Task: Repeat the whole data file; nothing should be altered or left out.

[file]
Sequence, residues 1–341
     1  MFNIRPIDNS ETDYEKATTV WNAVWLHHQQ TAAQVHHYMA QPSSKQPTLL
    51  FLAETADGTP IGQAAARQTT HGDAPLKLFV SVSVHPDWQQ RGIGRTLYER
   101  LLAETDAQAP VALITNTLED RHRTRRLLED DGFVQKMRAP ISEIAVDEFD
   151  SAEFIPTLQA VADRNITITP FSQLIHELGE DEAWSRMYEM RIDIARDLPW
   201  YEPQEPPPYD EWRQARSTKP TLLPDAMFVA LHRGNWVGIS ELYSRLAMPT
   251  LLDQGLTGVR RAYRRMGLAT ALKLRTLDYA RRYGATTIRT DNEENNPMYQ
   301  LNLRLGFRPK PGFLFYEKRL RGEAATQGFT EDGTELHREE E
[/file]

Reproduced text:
Sequence, residues 1–341
     1  MFNIRPIDNS ETDYEKATTV WNAVWLHHQQ TAAQVHHYMA QPSSKQPTLL
    51  FLAETADGTP IGQAAARQTT HGDAPLKLFV SVSVHPDWQQ RGIGRTLYER
   101  LLAETDAQAP VALITNTLED RHRTRRLLED DGFVQKMRAP ISEIAVDEFD
   151  SAEFIPTLQA VADRNITITP FSQLIHELGE DEAWSRMYEM RIDIARDLPW
   201  YEPQEPPPYD EWRQARSTKP TLLPDAMFVA LHRGNWVGIS ELYSRLAMPT
   251  LLDQGLTGVR RAYRRMGLAT ALKLRTLDYA RRYGATTIRT DNEENNPMYQ
   301  LNLRLGFRPK PGFLFYEKRL RGEAATQGFT EDGTELHREE E